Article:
April 1, 2009
Fritz Hansen produced some of the 20th century’s most iconic pieces. Now the company turns to a new designer for fresh ideas on the 21st-century chair.
Fritz Hansen is virtually synonymous with Danish design. The manufacturer continues to produce some of the country’s most recognizable examples of midcentury Modernism—Arne Jacobsen’s classic Egg chairs, for instance—pieces that remain the core of the company’s business. But every year or two, it gambles on a relative newcomer in the hope of hitting upon that elusive 21st-century icon. This year that distinction belongs to the 36-year-old Japanese designer Hiromichi Konno and his futuristic Rin chair, which recently made its debut at the Stockholm Furniture Fair.
The design concept, Konno says, is conveyed in the name: Rin, loosely translated from Japanese, means “valiant” and “self-standing.” “It is like a flower,” Konno explains. “Because if you arrange just one, it has to rest on itself. It is not like a big, gorgeous bouquet, where things support each other.” With its softly curved seat perched atop a delicate yet solid base, the chair does resemble a kind of space-age tulip. But the deceptively simple organic form took several years of refining—and a little market research—to get right. Prototypes of the chair were featured in the company’s corporate magazine and displayed in showrooms throughout Europe to solicit feedback from potential customers. “From our point of view, it was something totally new because we used to be a fairly conservative company with a history that goes many centuries back,” says Jan Helleskov, Fritz Hansen’s global PR manager. “We had never asked the consumers, ‘What do you think about this mock-up?’”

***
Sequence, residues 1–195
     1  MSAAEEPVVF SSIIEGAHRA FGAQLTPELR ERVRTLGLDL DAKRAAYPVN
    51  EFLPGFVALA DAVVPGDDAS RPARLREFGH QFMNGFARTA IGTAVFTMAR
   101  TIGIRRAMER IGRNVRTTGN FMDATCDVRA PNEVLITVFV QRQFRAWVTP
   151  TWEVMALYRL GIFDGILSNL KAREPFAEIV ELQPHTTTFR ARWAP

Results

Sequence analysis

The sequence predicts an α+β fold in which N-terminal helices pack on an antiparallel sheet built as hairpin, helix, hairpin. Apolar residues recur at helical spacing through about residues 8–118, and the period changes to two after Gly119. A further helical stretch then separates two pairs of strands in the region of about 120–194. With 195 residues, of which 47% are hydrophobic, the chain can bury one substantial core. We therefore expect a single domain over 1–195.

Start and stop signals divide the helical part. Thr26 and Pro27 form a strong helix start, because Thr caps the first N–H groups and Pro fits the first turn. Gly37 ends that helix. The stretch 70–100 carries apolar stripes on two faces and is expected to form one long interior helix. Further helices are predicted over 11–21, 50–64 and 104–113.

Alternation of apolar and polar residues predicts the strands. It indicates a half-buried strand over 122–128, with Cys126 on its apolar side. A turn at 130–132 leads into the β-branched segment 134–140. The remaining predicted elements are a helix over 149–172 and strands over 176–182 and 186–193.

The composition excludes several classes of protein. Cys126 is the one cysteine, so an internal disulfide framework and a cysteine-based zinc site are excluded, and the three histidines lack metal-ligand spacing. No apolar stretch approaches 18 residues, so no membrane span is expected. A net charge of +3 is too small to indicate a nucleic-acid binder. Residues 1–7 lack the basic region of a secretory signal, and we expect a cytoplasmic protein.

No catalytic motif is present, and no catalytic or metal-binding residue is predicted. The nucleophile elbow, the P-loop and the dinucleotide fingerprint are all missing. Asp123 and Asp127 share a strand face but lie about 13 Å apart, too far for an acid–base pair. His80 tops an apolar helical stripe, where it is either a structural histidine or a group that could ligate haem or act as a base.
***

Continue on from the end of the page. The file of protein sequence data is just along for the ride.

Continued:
The reception was mixed. “Most comments were positive,” Konno recalls. “But there were two negatives that I took particular note of: one was that it looked like a cartoon, and the other that there was too much Ross Lovegrove in it.” It just so happens that Konno, after studying product design at Umeå University, in Sweden, worked at Lovegrove’s London studio for three years. But the younger designer balks at the comparison: “Even while I was with him, I was told I could just be myself and design whatever came out of me, which I did.” (Konno helped create his mentor’s lithe, sculptural Go Chair, for Bernhardt Design.) “That was also the case this time.”
Following the chair’s soft launch, Konno altered the design slightly, reducing the number of holes in order to make the injection-molded shell easier to manufacture and to tone down what he describes as its “too-original image.” Whether the Rin becomes a bestseller for Fritz Hansen remains to be seen—Jacobsen’s 1955 Series 7 chair is still the company’s marquee product—but it’s fair to say that it probably won’t be one of those designs that define an era. And maybe that’s an unrealistic expectation anyway. “Designers are always being compared: ‘Is he the new Arne Jacobsen or Poul Kjaerholm?’” Helleskov says. “It’s like trying to form a band and calling it the Beatles, when there won’t be another Beatles.”